If you’re a frequent flyer for business or leisure, odds are you’re regularly scheming ways to get an upgrade out of coach.  With airlines monetizing everything down to the last peanut, air travelers need to adopt guerrilla tactics to make their loyalty status payoff with prized business or first class upgrades.

We interviewed TheLuxuryTravelExpert — who prefers to retain his anonymity — to get an update on all things luxury travel related, and learn his proven moves for getting a flight upgrade for little to no cost.

Tell us about your blog and how you arrived at becoming a luxury travel expert?

I am not part of the travel industry. I am a doctor, and I have been blogging about my travels for years, mainly sharing my stories with families and friends. Three years ago, I felt the need to bring the blog to the next level, and opened it up to everyone, with a focus on luxury travel. I aim to make my blog a reference source for fellow travelers with the same spirit. There is an avalanche of travel websites, reviews and agencies out there, that can inspire the demanding traveler but also cause a lot of frustration and confusion (“too many choices!”“is it worth it?”“will it fit my taste?”). I try to filter all that information into my blog, based on my own 20+ years of experience traveling around the world. I keep the blog as a hobby, and as such, I have to limit my output to three newsletters per week (as my main profession keeps me busy for most of my time).

You recently posted a comprehensive post on securing flight upgrades without paying for them.  Tell us about those tips, particularly those that will interest our subscribers, which tend to be savvy business travelers and frequent flyers.

The way I always end up in Business Class is mostly by keeping an eye out for Business Class sales, with fares that often come in the range of Economy Class tickets. Qatar Airways, for example, launches several times a year a sale with amazing Business Class fares from Europe (where I am based) to Asia and Australia for less than 1000 euros per person. Occasionally, they also launch 1-4-2 sales, where you buy one Business Class ticket and get a second one for free for your travel companion (which is sometimes cheaper than booking two Economy Class tickets).

If you want to get an upgrade from Economy to Business Class, or Business to First, your best chance is with miles. However, I almost never use miles to upgrade from Economy to Business myself since most airlines charge an insane amount of miles to do so (so you’re better off using your miles for immediately booking a Business class ticket). However, the one exception must be British Airways, where you only need 25,000 Avios miles to upgrade one cabin during a long-haul route (e.g. Europe to USA, or Europe to South Africa) making this a superb deal, which I often make use of.

And when you’re a frequent flyer with top status, you better park your miles with an American carrier since they will award you with upgrade vouchers (in most cases 4 each year).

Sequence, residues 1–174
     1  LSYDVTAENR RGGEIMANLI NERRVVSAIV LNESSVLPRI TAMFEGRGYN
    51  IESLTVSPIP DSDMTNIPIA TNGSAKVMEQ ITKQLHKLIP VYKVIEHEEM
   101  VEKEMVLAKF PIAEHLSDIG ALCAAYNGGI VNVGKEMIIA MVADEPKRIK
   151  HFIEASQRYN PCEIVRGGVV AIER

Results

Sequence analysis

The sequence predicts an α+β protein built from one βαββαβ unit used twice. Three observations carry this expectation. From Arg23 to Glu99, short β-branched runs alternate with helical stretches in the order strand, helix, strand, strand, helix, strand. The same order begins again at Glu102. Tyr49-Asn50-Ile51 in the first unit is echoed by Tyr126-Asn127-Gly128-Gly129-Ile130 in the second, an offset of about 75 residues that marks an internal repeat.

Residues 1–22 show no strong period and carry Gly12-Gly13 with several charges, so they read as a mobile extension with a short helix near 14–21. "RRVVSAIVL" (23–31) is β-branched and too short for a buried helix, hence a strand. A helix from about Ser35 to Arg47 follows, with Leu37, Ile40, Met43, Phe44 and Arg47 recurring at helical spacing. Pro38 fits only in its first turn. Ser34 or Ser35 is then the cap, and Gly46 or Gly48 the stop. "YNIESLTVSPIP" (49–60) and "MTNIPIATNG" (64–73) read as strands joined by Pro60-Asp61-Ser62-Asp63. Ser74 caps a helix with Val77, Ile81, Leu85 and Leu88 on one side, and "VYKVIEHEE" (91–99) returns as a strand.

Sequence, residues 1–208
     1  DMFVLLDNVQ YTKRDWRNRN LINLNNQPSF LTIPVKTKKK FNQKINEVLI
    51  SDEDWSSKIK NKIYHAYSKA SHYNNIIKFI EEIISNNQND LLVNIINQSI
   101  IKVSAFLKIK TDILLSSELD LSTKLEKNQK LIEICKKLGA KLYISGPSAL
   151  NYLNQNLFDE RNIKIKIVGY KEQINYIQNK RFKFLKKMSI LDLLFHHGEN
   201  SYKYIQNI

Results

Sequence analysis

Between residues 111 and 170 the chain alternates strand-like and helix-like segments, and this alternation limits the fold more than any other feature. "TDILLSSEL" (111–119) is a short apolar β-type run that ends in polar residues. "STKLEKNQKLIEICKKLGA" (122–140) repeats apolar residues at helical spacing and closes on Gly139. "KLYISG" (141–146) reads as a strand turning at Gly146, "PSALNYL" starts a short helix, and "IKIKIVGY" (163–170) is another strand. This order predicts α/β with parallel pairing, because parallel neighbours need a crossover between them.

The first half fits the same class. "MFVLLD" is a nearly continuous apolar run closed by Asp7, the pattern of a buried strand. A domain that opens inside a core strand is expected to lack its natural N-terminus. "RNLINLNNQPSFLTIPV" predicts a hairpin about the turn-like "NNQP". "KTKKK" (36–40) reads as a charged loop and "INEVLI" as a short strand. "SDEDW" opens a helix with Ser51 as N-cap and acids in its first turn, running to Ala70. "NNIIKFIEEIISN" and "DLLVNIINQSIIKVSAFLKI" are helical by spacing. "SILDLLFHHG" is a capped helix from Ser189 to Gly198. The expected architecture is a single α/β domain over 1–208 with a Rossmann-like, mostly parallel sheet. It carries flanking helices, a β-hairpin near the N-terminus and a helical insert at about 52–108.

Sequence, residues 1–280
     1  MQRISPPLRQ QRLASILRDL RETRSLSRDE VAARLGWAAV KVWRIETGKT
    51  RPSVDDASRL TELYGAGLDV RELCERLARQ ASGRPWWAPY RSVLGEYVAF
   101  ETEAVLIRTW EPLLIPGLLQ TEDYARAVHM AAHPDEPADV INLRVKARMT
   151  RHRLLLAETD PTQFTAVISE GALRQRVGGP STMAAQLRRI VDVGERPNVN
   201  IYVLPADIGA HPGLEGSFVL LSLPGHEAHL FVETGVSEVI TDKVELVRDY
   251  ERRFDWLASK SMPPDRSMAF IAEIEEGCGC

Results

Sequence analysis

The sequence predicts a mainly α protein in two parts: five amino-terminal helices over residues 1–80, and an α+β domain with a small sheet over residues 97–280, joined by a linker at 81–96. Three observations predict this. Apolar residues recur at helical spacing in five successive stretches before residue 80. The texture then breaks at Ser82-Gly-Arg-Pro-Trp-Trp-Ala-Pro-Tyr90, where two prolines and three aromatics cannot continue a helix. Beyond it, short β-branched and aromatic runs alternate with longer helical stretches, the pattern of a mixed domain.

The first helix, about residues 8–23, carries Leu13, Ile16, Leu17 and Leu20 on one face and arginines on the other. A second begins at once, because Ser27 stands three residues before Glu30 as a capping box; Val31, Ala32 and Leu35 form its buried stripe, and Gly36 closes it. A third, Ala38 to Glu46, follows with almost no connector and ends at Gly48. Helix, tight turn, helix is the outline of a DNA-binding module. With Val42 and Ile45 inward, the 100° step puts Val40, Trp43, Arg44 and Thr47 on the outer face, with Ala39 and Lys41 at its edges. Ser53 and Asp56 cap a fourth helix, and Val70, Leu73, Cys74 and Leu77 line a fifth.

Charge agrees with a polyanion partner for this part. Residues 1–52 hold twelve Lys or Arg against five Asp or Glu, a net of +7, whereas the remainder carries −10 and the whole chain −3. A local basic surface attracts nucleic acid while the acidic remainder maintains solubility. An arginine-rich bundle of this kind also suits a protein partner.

What are some of the interesting trends that you’re seeing evolve in luxury travel to capture the attention of the jet set? 

I notice that several luxury hotels are trying to lure guests with new gadgets, amenities, and over-the-top experiences. To name a few examples: arriving by paraglider at Six Senses Zighy Bay in Oman, an underwater restaurant at Conrad Maldives, a tree pod dining experience at Soneva Kiri in Thailand, and your own submarine at Laucala Island in Fiji. The most stunning new feature I witnessed myself recently is the retractable roof at the palatial overwater villas of Soneva Jani in the Maldives, which slides back at the touch of a button so you can lie in bed and stargaze (it closes automatically in case of an on-coming shower). I also noticed that the top hotel brands are taking luxury to new heights – literally – by offering travel on private jets, such as the Four Seasons Boeing 757 which offers onboard hotel service while guests hop from one Four Seasons resort to another.

When it comes to top notch service and pampering, who is your favorite US-based airline and non-US based airline?

USA-based airlines: American Airlines offers by far the best Business Class seat of all USA carriers. Unfortunately, that Zodiac seat is only found on their B777-300ER aircraft, and in addition, while customer service on American Airlines is still great, I find it to have declined since its merger with US Airways. For example, recently, I was disappointed to be served the exact same menu in First Class on the London to LAX route as in Business Class a few weeks earlier. While United’s seats are not nearly as comfortable as the ones on American, and while United has made headlines for all the wrong reasons in recent months, I find their new Business Class Polaris to be a great soft product: amenities are great, food is very good (the best of all US carriers) and they even offer pajamas in Business Class on certain routes.

Non-US based airlines: competition is stiffer here, and it would be a close call between Singapore Airlines and Qatar Airways. Qatar is doing a great job with super friendly crews, superb new Business Class products (they launched their QSuites this month), great food, and the world’s best Business and First Class lounges at Doha Airport. However, IMHO, they are still inferior to the Asian hospitality of Singapore Airlines, which offers the widest Business Class seat in the industry and the best gourmet food in the sky.

Chris is the President and Co-Founder of, a service that helps travelers get out of the “Middle Seat” by providing in-depth flight info and alerts when Awards and Upgrades are available.

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